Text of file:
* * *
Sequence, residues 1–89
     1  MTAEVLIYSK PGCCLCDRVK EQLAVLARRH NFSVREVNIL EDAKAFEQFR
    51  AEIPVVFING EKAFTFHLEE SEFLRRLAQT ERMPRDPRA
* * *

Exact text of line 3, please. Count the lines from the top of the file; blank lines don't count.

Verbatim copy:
    51  AEIPVVFING EKAFTFHLEE SEFLRRLAQT ERMPRDPRA